CSE
CSE
CSE CSE


Defense Event

Scaling Causality Analysis for Production Systems

Michael Chow


 
Friday, September 09, 2016
2:00pm - 4:00pm
3725 Beyster Bldg.

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About the Event

Causality analysis reveals how program values influence each other. It is important for debugging, optimizing, and understanding the execution of programs. This thesis scales causality analysis to production systems consisting of desktop and server applications as well as large-scale Internet services. This enables developers to employ causality analysis to debug and optimize complex, modern software systems. This thesis shows that it is possible to scale causality analysis to both fine-grained instruction level analysis and analysis of Internet scale distributed systems with thousands of discrete software components by developing and employing automated methods to observe and reason about causality. First, we observe causality at a fine-grained instruction level by developing the first taint tracking framework to support tracking millions of input sources. We also introduce flexible taint tracking to allow for scoping different queries and dynamic filtering of inputs, outputs, and relationships. Next, we introduce the Mystery Machine, which uses a “big data” approach to discover causal relationships between software components in a large-scale Internet service. We leverage the fact that large-scale Internet services receive a large number of requests in order to observe counterexamples to hypothesized causal relationships. Using discovered casual relationships, we identify the critical path for request execution and use the critical path analysis to explore potential scheduling optimizations. Finally, we explore using causality to make data-quality tradeoffs in Internet services. A data-quality tradeoff is an explicit decision by a software component to return lower-fidelity data in order to improve response time or minimize resource usage. We perform a study of data-quality tradeoffs in a large-scale Internet service to show the pervasiveness of these tradeoffs. We develop DQBarge, a system that enables better data-quality tradeoffs by propagating critical information along the causal path of request processing. Our evaluation shows that DQBarge helps Internet services mitigate load spikes, improve utilization of spare resources, and implement dynamic capacity planning.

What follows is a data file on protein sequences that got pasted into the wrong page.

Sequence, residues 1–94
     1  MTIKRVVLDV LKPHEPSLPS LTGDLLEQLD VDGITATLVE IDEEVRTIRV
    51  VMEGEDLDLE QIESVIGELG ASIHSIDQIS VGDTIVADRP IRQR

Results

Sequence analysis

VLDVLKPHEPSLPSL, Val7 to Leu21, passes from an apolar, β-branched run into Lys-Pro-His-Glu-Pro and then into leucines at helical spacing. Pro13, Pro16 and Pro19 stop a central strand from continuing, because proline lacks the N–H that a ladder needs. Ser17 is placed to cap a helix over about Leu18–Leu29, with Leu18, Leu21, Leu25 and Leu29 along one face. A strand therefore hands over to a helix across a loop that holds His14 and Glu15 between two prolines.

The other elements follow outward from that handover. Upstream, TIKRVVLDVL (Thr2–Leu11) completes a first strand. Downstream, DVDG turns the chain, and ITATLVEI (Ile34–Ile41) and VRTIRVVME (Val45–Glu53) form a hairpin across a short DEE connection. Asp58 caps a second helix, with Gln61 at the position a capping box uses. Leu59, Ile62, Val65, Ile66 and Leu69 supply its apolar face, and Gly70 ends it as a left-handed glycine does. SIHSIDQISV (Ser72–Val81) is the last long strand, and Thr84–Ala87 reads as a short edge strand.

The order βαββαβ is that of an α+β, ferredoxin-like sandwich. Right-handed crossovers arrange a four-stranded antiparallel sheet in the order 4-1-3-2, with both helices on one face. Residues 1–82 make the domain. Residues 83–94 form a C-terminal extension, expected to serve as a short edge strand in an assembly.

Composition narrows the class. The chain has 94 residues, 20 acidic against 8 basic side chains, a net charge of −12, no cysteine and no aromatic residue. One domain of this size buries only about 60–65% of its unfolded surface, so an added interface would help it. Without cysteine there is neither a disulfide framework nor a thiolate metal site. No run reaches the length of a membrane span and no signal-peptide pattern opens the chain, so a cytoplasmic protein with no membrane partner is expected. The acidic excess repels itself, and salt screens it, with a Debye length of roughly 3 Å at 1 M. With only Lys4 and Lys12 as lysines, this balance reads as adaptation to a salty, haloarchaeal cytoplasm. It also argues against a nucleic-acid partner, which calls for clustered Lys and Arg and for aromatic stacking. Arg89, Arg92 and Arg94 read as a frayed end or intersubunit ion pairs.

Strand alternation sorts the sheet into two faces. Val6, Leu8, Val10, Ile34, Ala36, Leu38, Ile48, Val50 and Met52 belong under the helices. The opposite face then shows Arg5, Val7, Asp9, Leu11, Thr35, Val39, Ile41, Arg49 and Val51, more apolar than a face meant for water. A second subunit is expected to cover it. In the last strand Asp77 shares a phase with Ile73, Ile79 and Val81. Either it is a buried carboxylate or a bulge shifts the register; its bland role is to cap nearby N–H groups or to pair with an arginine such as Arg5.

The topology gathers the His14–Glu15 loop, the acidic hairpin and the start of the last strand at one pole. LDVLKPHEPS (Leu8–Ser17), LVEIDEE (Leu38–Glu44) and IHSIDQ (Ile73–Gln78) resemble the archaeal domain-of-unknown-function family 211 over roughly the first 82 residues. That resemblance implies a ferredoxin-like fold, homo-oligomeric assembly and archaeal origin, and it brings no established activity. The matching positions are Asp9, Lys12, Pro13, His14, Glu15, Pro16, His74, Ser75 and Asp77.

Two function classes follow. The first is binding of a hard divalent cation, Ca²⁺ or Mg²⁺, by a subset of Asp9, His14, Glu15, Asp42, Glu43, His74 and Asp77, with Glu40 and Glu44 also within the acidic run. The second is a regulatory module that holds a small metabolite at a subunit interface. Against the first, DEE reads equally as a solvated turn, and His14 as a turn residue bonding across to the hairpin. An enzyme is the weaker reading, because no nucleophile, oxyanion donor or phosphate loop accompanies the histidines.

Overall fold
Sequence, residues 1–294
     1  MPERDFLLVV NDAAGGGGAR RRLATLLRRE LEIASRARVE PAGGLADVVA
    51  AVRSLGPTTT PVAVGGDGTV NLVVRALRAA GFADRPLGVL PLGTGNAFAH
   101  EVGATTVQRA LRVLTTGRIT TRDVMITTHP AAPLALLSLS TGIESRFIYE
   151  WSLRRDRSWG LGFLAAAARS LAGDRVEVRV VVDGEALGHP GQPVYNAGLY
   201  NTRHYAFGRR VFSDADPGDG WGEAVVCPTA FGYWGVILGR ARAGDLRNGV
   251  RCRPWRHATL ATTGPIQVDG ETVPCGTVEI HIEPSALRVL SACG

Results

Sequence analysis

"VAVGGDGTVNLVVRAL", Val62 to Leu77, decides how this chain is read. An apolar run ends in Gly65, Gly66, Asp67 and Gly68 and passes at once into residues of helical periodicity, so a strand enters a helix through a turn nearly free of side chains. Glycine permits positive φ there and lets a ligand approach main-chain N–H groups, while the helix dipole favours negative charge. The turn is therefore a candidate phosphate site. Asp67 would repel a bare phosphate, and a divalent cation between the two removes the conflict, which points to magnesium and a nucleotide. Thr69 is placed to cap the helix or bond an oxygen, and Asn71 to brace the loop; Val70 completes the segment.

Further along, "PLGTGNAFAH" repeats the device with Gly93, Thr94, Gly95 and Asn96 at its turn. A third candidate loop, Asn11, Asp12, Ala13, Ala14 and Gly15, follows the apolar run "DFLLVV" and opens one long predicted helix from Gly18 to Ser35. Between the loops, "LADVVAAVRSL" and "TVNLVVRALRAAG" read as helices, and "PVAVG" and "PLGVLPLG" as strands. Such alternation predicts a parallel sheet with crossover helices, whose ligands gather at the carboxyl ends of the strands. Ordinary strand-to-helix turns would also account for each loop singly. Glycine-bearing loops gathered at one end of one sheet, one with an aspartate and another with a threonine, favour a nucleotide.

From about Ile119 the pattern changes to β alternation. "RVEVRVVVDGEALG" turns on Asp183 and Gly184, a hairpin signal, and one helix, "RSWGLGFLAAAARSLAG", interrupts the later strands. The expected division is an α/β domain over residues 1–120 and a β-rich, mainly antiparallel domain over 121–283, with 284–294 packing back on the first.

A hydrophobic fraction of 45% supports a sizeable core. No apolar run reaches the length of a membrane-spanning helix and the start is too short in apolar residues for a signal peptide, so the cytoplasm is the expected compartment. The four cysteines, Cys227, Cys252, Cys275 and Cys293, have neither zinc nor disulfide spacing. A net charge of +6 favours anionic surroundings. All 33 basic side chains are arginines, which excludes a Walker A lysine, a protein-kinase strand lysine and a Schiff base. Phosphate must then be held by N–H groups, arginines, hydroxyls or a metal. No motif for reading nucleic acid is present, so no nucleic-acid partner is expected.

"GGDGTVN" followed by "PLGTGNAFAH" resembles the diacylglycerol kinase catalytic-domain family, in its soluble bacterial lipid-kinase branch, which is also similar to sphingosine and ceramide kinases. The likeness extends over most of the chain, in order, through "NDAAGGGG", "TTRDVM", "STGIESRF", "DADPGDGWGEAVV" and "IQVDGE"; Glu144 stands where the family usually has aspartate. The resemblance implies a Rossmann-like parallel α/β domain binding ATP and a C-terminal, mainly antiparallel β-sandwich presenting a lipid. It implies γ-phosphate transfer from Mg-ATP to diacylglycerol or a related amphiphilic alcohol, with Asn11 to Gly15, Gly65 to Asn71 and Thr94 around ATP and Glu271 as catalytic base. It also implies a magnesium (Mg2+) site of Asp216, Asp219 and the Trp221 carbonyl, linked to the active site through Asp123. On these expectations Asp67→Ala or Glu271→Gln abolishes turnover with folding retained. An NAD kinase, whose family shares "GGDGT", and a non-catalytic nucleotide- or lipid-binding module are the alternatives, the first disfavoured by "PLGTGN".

Additional Information

Sponsor(s): Prof. Jason Flinn

Open to: Public